By MICHAEL KITCH, LACONIA DAILY SUN
LACONIA — Drawing on a lesson from his mother, Henry Lipman, told the nearly 100 people gathered at the Beane Conference Center for the annual meeting of LRGHealthcare this week that "Nothing is as good or as bad as it seems."
It fell to Lipman, senior vice president of financial strategy and external relations, to present the financial report, which featured a $27.3 million decrease in the consolidated financial position of the organization, leaving a deficit of $29.9 million for the 2015 fiscal year ending on Sept. 30.
The not-for-profit company owns and operates Lakes Region General Hospital in Laconia and Franklin Regional Hospital, as well as the Laconia Clinic and other medical offices.
In March, LRGH signaled the gravity of its financial troubles by laying off 58 full-time employees after eliminating another 80 through attrition in the months before. Approximately a quarter of the layoffs were at Franklin Regional Hospital and the balance at Lakes Region General Hospital. The layoffs followed a regular weekly review of staffing begun in January to consider whether to fill any vacancies that arise as well as any requests for new positions or additional personnel.
Lipman was quick to stress that a one-time charge of $22.3 million incurred by refinancing the organization's outstanding debt of $133.3 million bearing an interest rate of 6 percent represents the lion's share of the decrease. By issuing $125.9 million Federal Housing and Urban Development Insured Mortgage Revenue Bonds at a fixed rate of 3.7 percent, LRGH will spare itself $46 million in debt over the life of the bonds and a savings of $3 million in the current fiscal year. The $22.3 million charge was required to secure the holders of the original debt as well as to retire that borrowing. Excluding the one-time charge, the loss to the company's consolidated financial position, Lipman said, was $7 million.
"We had an opportunity to make a long-term choice over a short-term choice," Lipman said. "We took a loss of $22 million to get a gain of $46 million."
At the same time, LRGH posted an operating loss of $11.3 million. A reduction in "disproportionate share" payments, which federal law requires states to make to hospitals serving large numbers of Medicaid and uninsured patients, contributed to the loss. Payments fell by more half, from $5.6 million in 2014 to $2.5 million in 2015. Lipman said that the decrease in disproportionate share payments reflects a change in federal policy, which is being challenged in court. Following a favorable preliminary ruling, he expects some $3 million in funding will be restored.
While total revenues slipped by less than a million to $217.8 million, expenses rose by $11 million. Salaries and benefits grew by $7 million, an increase of 5.7 percent, to $129.9 million, or 56 percent of operating expenses, which is in keeping with industry standards.
Lipman pointed to several factors weighing on LRGH's operating performance — a relatively high number of Medicaid and Medicare patients, an aging population and changes in private health insurance programs.
In 2014, 11.4 percent of the population of the Winnipesaukee Public Health Region was living at or below the federal poverty level, compared to 8.7 percent in the state as a whole. Among the patients served by LRGHealthcare, 14.4 percent were enrolled in Medicaid and 18.4 in Medicare, compared to 10.7 percent and 15.2 percent in the state. Lipman said that Medicaid and Medicare reimbursements represent about 70 percent of LRGHealthcare's gross revenues.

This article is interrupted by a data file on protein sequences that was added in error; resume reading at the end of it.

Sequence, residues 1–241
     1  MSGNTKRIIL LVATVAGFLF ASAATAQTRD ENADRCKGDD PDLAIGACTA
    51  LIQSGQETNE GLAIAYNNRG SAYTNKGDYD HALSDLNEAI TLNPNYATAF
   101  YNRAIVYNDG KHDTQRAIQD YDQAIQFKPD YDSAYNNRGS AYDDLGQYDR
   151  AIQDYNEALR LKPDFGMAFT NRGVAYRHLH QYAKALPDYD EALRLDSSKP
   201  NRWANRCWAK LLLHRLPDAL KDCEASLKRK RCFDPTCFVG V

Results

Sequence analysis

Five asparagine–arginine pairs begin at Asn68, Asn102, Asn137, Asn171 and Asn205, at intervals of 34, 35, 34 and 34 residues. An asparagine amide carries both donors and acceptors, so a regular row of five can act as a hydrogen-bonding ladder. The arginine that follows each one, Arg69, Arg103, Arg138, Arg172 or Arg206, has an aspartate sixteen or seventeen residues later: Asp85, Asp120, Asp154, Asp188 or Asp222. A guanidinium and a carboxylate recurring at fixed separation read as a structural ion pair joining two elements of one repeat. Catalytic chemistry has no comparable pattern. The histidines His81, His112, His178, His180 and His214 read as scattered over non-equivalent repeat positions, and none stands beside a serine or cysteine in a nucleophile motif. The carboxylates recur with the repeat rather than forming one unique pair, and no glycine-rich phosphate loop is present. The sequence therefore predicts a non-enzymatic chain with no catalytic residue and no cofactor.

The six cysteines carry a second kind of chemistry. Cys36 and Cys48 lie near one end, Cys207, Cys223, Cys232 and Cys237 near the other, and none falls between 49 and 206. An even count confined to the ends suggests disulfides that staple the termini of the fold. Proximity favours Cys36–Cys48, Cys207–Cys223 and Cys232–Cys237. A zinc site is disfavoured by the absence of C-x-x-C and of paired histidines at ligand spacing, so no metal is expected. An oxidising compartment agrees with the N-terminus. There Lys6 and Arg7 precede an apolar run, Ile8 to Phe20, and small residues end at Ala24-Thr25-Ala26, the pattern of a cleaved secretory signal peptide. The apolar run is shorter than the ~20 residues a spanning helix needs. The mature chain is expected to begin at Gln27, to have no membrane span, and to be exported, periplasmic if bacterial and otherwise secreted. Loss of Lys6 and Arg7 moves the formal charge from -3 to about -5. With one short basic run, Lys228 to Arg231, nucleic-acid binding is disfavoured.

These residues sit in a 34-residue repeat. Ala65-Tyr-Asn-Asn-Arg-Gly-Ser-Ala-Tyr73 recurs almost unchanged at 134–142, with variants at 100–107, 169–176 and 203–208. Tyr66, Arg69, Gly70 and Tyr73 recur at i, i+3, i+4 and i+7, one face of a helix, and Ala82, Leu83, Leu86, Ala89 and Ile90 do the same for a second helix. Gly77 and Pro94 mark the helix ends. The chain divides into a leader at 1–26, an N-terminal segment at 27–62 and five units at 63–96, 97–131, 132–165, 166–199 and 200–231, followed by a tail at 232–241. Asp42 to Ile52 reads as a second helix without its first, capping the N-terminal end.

But, Medicaid reimbursement rates in New Hampshire are the lowest among the 50 states. And while nationwide hospitals lose on average about 14 cents on the dollar treating Medicare patients, in New Hampshire the average loss more than doubles to 30 cents on the dollar.
Meanwhile, the population of Belknap County, which represents much of the area served by LRGHealthcare, is among the most rapidly aging in the state. With a median age of 45.5, the third highest among the 10 counties. As the population ages, the demand for health care increases. But, at the same time, as people age and retire, they drop their private health insurance and enroll in Medicare. As result, the hospitals are treating a growing volume of patients but receiving less reimbursement — between a third and two-thirds less, according to the treatment and procedure — for doing so.
As private health insurers began offering plans that offset high premiums with high deductibles and co-pays, insurers seeking to enhance the competitiveness of their products and patients bearing a greater share of their health care expenses have begun exerting downward pressure on hospital charges. At the same time, when patients are unable to meet their high deductibles, hospitals are left with bad debt. Lipman noted that in the Lakes Region, with its large number of small businesses, employers tend to provide relatively less generous health insurance plans.
Lipman dismissed suggestions that the Affordable Care Act is responsible for the financial troubles besetting LRGHeathcare. He noted that the reduction in Medicare rates to finance the program have been offset by the New Hampshire Health Protection Program, which extended Medicaid coverage to some 48,000 people. "Without Medicaid expansion," he said, "we'd actually be worse off."
"It was a very tough year," Lipman said. But, without discounting the challenges, he added "there are lots of opportunities," listing the prospect of restoring disproportionate share payments, the reauthorization of the New Hampshire Health Protection Program and the federal investment in addressing mental health and substance abuse. Above all, he noted that LRGHeathcare has operated in the black for the past two quarters.
"I don't lose sleep," he remarked.
photo: Lakes Region General Hospital - Karen Bobotas photo.jpg
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